Media Coverage



Ghost protocol


Many would have strolled Mumbai’s Marine Drive but their naked eye would have not witnessed a melee of people surrounding a peanut seller. No, there is nothing wrong with their cognitive skills since these invisible figures can be seen and heard by a very few only. One of them is Deepta Roy Chakraverti, who realised the oddity of the situation since there was no exchange of money. Neither the peanut packets were decreasing with the seller nor do any of these shadows were paying him. Similarly at Puri images appear before her not seen by others in which an old woman is brought on a stretcher by a young man and some servants to be abandoned in a temple.
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‘Spirits are people too’


Ghosts, spirits and apparitions either scare people or are completely dismissed by rationalists as gibberish. However, these ghosts, spirits and ‘presences’ might have their own story to tell. As Deepta Roy Chakraverti puts it, “Spirits are people too.” In her recently released book, Bhangarh To Bedlam: Haunted Encounters, Chakraverti talks about her encounters with the spirit world at myriad ‘haunted’ sites in the country, the most famous of them being Bhangarh in Rajasthan. “The subject” she says, “is part of my DNA. From a very early age, I had access to research on psychic phenomenon.”.
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Supernatural experiences in debut book by a wiccan


Experiences in the realm of the supernatural and the neo Pagan practice of Wicca form the substance of a debut nonfiction by Deepta Roy Chakraverti, the daughter of Ipsita Roy-Chakraverti, one of the country's most fabled Wiccan.
Using real life experiences and observations by her in India and England, Deepta has penned 12 incidents in "Bhangarh to Bedlam: Haunted Encounters," book that was launched here recently.
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She saw Goddess Durga surrounded by sadness


Wiccan and corporate lawyer Deepta Roy Chakraverti talks to Chandrima Pal about her book that chronicles her psychic investigations into what she says are unnatural occurrences in familiar places.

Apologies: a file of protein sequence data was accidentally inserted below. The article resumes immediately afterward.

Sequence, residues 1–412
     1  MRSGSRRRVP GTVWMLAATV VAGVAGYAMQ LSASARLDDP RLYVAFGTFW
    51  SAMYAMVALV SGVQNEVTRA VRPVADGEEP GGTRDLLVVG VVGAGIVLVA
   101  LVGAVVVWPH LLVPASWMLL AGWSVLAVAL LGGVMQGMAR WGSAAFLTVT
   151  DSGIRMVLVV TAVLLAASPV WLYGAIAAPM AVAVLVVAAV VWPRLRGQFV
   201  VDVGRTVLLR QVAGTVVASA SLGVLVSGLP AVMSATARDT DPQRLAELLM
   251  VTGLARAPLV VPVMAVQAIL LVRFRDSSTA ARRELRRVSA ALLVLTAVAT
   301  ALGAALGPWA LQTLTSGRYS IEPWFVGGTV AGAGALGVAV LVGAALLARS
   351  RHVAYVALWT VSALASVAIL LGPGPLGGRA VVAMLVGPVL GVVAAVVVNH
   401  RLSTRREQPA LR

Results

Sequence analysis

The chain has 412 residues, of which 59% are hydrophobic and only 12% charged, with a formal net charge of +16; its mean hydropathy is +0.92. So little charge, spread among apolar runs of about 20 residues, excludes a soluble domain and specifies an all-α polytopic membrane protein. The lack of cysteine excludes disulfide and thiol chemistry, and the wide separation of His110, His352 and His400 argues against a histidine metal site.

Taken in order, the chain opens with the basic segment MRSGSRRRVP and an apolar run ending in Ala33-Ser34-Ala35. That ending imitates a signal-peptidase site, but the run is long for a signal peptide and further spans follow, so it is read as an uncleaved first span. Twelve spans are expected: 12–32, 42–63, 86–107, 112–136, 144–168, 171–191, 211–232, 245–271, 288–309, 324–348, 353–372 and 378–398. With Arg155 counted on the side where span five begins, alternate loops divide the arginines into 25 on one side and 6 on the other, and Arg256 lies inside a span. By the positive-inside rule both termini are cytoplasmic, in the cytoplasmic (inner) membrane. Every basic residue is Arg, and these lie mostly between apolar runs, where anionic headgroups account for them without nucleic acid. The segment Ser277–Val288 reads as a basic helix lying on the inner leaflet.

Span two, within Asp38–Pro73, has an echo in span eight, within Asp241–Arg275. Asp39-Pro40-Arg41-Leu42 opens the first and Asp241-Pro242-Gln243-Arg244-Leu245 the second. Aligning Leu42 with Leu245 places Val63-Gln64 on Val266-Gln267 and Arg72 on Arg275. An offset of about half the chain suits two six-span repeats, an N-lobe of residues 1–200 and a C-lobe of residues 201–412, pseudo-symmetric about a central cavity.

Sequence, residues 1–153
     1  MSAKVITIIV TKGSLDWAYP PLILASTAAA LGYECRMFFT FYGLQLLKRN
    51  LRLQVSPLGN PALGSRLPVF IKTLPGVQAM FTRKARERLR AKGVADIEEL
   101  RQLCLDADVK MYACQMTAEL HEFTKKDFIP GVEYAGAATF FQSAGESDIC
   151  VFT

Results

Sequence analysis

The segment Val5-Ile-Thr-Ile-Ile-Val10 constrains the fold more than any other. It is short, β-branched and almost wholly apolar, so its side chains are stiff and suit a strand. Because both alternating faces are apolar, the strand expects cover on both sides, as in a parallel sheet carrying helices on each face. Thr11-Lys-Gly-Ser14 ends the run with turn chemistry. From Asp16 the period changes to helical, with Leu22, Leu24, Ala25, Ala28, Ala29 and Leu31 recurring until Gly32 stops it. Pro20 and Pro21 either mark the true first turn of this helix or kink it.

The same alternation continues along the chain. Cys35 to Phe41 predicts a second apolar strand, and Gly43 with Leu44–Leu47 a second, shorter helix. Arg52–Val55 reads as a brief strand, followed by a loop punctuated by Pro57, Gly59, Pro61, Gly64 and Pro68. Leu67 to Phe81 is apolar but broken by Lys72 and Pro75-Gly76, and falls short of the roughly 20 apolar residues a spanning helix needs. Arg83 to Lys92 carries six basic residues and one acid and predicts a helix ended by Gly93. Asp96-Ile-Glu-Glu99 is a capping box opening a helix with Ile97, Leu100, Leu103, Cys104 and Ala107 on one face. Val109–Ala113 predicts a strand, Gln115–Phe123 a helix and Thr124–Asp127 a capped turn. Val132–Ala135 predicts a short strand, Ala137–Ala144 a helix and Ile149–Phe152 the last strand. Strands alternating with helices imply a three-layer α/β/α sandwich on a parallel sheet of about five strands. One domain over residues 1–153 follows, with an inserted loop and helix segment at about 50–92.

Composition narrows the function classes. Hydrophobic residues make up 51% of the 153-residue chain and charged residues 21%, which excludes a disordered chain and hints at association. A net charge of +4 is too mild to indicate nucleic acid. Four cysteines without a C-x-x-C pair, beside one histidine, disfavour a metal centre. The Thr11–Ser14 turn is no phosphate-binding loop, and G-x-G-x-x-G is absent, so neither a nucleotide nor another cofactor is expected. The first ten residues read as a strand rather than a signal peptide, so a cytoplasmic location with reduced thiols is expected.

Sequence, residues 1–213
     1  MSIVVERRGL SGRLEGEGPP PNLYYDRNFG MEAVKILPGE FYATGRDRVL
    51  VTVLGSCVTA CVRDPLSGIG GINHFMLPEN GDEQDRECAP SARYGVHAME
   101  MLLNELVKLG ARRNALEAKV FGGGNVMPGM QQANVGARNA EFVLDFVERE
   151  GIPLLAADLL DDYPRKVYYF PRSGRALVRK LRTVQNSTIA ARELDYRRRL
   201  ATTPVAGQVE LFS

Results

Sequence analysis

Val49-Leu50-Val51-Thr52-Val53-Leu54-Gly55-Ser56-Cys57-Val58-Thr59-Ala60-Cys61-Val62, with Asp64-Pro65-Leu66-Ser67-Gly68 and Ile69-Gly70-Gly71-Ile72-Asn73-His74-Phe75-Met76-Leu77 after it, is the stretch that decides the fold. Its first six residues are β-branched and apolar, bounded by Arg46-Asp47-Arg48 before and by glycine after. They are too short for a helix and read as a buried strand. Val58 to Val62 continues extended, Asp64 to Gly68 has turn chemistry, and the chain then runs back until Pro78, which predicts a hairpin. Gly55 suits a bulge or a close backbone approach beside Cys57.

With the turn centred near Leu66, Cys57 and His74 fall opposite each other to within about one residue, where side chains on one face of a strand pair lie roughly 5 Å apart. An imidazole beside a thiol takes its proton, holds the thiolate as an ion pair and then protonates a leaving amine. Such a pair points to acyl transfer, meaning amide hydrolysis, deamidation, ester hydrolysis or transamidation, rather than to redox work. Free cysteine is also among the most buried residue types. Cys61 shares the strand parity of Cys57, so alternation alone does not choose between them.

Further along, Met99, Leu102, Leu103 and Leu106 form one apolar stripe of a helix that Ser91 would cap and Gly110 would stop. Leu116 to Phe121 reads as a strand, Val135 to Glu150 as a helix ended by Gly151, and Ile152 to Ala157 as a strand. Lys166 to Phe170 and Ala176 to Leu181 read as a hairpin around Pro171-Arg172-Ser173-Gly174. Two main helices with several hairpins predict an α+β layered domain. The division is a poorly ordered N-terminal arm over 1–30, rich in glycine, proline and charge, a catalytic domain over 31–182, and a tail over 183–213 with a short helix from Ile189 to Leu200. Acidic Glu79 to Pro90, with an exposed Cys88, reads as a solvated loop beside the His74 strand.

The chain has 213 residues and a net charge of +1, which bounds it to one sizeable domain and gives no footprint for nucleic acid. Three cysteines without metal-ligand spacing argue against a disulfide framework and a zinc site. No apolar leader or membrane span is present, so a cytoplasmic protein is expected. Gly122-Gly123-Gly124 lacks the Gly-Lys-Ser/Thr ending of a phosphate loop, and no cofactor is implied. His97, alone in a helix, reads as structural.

High-flying corporate lawyer Deepta Roy Chakraverti may not look like someone who is well versed in the art of spells and charms, but in her crisp King's College English speaks of her years of psychic investigations and eerie encounters with as much finesse as she would serve scones with delightful table talk at some posh high tea party.
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The Wiccan’s world


"Spirits have stories to tell. One must know how to listen”  from Bhangarh to Bedlam The word ‘witch’ usually conjures up an image of a hag with an elongated crooked nose, ready to ascend her broomstick, when not bubbling up vicious potions in a cauldron! Or, for some of us, the word might bring up news flashes of poor tribal women from West Bengal, Jharkhand, or Orissa being burnt to death for covertly practising witchcraft.
Deepta Roy Chakraverti, who signs her blog posts as a witch, however, doesn’t fulfil any of these criteria, and I seriously doubt she has any sort of cauldron-brewed potions stacked under her bed! Deepta is a corporate lawyer with Reliance Industries,
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openthemagazine.com


An odd incident occurred last week. A book on so-called haunted places in India was withdrawn by its publisher three days before its launch because a Kolkata mall, which was featured in the book, took objection to it. Deepta Roy Chakraverti, the daughter of a self-proclaimed witch and Wiccan priestess Ipsita Roy Chakraverti, was due to release her book Bhangarh to Bedlam: Haunted Encounters on 10 April 2015 after a year of research and travel across the country. The book is an antho logy of historical and first-person encounters of the author at some of the most ‘haunted’ places in the country.
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dailyO


How Indira Gandhi’s ghost is haunting her memorial.
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scroll.in


Ghostwriting has taken on new meaning in the strangest controversy to break out in India’s publishing world. A shopping mall in Kolkata is believed to have prevailed upon a publisher to delete references to itself in a book just two days before the launch. Not just that, claims the angry author, the publisher has withdrawn the book altogether and returned her manuscript.
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Mumbai Mirror


Under the cover of darkness.
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the good book corner


"Spirits have stories to tell. One must know how to listen”  from Bhangarh to Bedlam Deepta Roy Chakraverti’s anthology is unique. It includes non-fictional, paranormal accounts of the author’s own experiences. Written in a gripping manner, the narratives connect instantly and it’s very difficult to put the book down. Deepta’s accounts take the reader into the fascinating, yet bone chilling world of spirits or trapped souls if one may call them that. The locations are diverse- from the ruins of Bhangarh in Rajasthan and the alleys of Puri in Odisha to Bedlam in central London.The reference check on all locations confirm the authenticity of what the author is trying to tell.
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Indian Express


Other worlds and other dimensions are very much a part of reality. How much we acknowledge, and how much we fear and shy away from—that is the choice of an individual.
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